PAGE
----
Roger Waters played Pink Floyd tunes at MSG.
New York Post
New York City NY
By DAN AQUILANTE:
'DO you want a brownie?"
A question that seemed as appropriate at Roger Waters' solo extravaganza featuring a performance of "Dark Side of the Moon" as it would at a church picnic.
Of course, mama would tell you don't take food from a stranger, but mama didn't come to the concert at the Garden Wednesday, and what was the harm in gobbling a brownie?
In this case, none.
Sugar seemed to be the main ingredient, but the gracious hippie offer - hitched to a willingness to trust a stranger - said that even though decades have passed since "Dark Side" was released, the music, its creator and the fans not only haven't changed, the Floydian concert experience has stood the test of time.
Videos played on a stagewide screen, klieg lights flashed, fire pots exploded and lasers re-created the famous white light entering a pyramid and exiting as a rainbow. And then there were the life-size spaceman and the giant flying pig inflatables that floated in the rafters of the cavernous Garden.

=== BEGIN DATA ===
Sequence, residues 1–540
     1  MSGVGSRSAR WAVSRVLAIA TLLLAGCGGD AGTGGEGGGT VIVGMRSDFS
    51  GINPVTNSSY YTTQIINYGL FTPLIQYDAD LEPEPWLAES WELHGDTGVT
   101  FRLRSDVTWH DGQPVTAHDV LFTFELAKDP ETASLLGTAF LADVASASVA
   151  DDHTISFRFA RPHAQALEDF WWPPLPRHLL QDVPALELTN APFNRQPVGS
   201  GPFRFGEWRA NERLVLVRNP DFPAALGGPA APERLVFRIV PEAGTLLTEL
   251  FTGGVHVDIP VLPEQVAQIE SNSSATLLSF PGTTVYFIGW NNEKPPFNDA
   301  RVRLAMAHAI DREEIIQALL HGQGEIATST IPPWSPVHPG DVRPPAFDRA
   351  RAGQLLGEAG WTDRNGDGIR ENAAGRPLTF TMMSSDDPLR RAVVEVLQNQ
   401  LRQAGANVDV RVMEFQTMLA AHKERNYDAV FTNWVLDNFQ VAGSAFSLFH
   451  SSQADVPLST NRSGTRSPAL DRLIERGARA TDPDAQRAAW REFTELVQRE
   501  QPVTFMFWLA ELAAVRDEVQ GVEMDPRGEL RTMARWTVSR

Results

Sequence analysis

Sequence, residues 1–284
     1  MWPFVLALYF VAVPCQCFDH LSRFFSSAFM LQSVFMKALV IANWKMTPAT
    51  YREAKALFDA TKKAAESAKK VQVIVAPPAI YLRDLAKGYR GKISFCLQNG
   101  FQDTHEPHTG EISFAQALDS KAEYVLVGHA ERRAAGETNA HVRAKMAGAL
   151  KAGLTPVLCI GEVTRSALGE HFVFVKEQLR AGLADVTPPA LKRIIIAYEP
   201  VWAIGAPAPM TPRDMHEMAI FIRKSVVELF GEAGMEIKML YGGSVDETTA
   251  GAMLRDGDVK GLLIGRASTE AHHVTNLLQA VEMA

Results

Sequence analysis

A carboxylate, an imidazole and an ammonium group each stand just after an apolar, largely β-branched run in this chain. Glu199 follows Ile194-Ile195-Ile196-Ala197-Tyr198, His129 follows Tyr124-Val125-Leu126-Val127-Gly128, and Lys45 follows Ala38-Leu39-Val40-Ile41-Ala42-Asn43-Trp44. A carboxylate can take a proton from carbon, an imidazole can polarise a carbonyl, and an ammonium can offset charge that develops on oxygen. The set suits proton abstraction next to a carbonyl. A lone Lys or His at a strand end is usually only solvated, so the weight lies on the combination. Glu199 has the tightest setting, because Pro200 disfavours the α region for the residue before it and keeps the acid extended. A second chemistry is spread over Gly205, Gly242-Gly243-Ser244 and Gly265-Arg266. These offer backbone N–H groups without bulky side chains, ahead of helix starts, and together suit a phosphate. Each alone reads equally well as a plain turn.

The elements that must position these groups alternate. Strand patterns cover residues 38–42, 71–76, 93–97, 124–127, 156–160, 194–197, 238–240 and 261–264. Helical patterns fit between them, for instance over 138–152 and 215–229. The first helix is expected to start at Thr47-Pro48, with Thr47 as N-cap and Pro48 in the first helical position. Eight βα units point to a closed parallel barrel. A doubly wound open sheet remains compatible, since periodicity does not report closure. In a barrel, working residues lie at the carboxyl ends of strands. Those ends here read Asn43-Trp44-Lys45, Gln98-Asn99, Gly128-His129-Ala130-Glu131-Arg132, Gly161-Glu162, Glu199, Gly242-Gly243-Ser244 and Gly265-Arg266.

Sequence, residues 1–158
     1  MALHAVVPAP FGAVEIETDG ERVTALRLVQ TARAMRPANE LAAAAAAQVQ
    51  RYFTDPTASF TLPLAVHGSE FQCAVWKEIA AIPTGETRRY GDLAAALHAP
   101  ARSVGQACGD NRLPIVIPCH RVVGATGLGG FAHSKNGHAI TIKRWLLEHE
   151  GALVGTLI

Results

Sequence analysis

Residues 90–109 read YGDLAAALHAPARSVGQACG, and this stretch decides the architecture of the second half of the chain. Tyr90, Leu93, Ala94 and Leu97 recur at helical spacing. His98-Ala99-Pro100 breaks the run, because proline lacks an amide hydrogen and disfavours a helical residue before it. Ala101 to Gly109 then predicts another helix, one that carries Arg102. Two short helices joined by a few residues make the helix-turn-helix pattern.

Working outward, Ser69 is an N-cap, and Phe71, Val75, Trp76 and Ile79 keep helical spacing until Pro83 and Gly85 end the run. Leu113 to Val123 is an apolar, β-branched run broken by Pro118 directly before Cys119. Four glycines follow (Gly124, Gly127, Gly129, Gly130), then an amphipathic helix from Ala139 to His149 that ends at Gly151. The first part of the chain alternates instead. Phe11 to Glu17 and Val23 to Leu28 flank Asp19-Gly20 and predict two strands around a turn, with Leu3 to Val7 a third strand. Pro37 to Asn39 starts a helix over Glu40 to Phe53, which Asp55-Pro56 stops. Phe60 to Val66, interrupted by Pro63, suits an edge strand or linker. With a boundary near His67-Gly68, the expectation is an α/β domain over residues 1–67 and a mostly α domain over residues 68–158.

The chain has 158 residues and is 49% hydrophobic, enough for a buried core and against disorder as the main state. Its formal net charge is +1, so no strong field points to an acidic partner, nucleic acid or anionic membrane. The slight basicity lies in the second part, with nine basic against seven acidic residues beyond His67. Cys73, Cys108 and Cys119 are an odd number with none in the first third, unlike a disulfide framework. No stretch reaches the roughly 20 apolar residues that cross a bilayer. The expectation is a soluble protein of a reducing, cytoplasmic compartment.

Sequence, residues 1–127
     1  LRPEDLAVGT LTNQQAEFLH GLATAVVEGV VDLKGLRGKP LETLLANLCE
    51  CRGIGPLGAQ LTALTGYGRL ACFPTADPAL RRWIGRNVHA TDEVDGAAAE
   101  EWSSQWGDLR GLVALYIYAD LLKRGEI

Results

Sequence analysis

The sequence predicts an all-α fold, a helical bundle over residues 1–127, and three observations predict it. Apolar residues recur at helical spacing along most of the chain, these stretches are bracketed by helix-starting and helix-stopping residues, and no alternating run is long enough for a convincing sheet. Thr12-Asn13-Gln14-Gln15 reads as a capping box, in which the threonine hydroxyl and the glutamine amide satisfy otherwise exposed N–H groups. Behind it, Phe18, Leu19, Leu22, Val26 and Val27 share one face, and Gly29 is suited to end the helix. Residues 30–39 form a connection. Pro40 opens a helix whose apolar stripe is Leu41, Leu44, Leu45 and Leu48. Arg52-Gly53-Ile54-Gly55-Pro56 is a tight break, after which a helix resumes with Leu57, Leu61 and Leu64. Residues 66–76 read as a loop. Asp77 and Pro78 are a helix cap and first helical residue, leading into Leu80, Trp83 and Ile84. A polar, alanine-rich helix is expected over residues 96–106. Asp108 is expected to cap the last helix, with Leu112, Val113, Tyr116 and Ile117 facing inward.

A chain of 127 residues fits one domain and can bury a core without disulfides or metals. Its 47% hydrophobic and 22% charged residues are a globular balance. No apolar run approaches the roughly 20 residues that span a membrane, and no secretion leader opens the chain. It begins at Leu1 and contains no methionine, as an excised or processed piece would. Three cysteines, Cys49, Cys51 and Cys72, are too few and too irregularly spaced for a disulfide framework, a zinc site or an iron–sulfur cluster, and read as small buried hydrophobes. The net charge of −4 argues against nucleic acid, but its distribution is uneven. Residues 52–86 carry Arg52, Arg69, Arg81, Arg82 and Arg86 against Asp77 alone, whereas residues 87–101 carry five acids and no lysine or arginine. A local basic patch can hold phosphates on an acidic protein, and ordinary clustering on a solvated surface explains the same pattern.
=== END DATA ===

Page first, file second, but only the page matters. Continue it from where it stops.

Yet beneath the gimmicks, there was the music.
Waters, the bassist and co-founder of the iconic psychedelic British band Pink Floyd, mixed a handful of his choice solo work - including his new anti-war "Leaving Beirut" - with P.F. classics topping off the three-hour gig with a track-for-track rendering of "Dark Side." Arguably the most beloved album in rock, the record has the distinction of holding a continuous spot on the Billboard charts for a staggering 29 years.
Waters' anti-war and anti-authority songs ruled the set - and they were enthusiastically embraced by the sold-out Garden crowd. Waters was smart in getting his points across. He never preached or lectured. Instead he let songs like "The Wall," "Mother" and the before-mentioned "Leaving Beirut" make his points.
Waters' music made the audience think, but it also loosened the crowd's dancing bones with the heady, surging arena rockers like "Shine On You Crazy Diamond," played early, and "Comfortably Numb," saved for the encore.
Gray-haired Waters may have left Pink Floyd 26 years ago, but at this show he proved he still has the Pink Floyd concert aesthetic and the chops to back them up.